It had been an easy day, but it was getting to the hard part of the day.
The easy part was the 30-mile bike ride and the burrito. The easier part was killing time until the hard part, and I killed it well.
I killed that time like a pro, or rather like a little kid. I went to a park and laid down in the grass. You can do that in California because you won’t be lying down in a nest of fire ants, and wake up with your nuts chewed off.
I looked at the clouds; everything looked like a big, white diaper, giant Pampers floating across the sky. Some were bulging at the edges, and we all know what that means.
I laid in the grass so long that my legs and arms and neck got crazy-quilt imprints from the blades.
There were kids at the park. Most of them were playing lacrosse, something I don’t even know what that is. Others were playing soccer, which is exactly like lacrosse in its mysteriousness.
One sad boy was being “coached” on an empty diamond by his dad as the little tyke unhappily swung at and missed every single pitch. Dad scolded and showed massive disapproval that HIS SON couldn’t hit a baseball. That fatherly anger and disapproval at a little kid, well, that kid was gonna be carrying it around for the rest of his life.
You can be sure of that.
The hard part of my day rolled around, which involved pizza. Giant Bicycles had sponsored a thank-you dinner for all the volunteers and recipients of the Nosco Ride at their headquarters. I wasn’t a volunteer or a recipient, I was an officially designated freeloader.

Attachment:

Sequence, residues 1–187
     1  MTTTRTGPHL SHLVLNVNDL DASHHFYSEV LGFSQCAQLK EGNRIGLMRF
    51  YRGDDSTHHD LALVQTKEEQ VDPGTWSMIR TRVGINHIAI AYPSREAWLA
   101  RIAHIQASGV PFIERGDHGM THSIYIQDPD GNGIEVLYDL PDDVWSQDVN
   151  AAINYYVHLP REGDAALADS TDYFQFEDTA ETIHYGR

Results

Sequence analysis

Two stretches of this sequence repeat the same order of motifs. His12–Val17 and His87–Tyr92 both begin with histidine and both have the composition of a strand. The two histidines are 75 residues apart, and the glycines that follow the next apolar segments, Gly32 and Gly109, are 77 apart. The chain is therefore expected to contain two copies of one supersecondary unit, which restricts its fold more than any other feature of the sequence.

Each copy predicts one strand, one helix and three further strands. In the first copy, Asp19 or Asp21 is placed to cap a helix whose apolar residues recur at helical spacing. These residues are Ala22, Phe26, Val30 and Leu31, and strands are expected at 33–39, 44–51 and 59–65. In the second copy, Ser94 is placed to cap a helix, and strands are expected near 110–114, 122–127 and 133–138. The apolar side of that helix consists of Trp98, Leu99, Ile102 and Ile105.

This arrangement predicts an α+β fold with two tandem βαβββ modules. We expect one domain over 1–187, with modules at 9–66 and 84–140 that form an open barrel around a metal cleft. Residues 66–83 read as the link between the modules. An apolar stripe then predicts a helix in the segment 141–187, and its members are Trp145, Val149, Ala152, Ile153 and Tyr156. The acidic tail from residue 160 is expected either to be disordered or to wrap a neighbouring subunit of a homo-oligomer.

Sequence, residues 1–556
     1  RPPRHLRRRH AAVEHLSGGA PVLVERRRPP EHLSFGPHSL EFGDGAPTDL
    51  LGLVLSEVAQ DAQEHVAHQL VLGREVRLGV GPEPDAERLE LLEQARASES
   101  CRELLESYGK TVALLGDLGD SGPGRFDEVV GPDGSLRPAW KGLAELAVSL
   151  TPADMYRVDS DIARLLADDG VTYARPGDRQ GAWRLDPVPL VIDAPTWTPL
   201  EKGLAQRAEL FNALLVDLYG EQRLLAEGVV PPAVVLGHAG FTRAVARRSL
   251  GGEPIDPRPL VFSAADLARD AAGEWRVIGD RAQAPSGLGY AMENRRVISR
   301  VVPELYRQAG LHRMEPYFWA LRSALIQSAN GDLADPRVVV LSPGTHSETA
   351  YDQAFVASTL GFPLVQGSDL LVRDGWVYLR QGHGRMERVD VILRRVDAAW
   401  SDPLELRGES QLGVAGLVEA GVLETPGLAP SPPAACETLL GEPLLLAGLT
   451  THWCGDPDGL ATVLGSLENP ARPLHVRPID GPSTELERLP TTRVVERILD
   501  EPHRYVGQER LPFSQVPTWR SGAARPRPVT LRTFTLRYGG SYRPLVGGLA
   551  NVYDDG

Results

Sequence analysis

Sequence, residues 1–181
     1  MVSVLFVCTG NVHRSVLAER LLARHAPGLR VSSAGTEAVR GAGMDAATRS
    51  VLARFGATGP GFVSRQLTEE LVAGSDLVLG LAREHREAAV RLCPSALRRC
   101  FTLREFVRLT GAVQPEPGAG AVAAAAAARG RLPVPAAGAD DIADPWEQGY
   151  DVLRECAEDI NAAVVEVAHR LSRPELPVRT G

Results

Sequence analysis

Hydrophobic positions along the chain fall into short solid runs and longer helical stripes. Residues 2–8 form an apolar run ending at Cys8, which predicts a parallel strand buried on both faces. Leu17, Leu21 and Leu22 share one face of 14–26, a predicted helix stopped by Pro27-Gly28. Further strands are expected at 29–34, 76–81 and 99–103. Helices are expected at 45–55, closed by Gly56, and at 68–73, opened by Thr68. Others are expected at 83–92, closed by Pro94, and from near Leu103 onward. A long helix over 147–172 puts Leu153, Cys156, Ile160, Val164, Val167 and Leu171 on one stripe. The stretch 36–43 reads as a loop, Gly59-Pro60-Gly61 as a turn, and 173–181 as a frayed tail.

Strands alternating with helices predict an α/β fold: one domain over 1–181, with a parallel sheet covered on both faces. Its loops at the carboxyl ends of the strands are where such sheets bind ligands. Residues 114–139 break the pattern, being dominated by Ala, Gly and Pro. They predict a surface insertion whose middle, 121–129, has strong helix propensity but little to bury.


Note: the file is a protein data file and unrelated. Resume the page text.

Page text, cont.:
I saw a bunch of old friends and some new ones, too. One of them was Johnny Walsh, who has been through the wringer. Ever since James Doyle intentionally took him out in a bike race a few years ago, Johnny’s been recovering. His injuries were bad. Some permanent.
But the thing that wasn’t injured at all was his grin. Some people, when they break, they break completely, but not Johnny Walsh. You’ll never break his smile.
We were talking with Jen Audia, a badass cyclocross racer in her own right. We were talking about hard things in life and also about useless things in life, things that we carry around and don’t know why.
“Those things,” Johnny said, “are like a dirty diaper.”
I looked at him.
“Yeah,” he said. “You’re just carrying around a big, stinking, dirty diaper. What the hell for? Why don’t you just set it down? Haven’t you carried it around long enough?”
He was talking in his friendly way, like he always does, but he was talking to me. He was talking to you.
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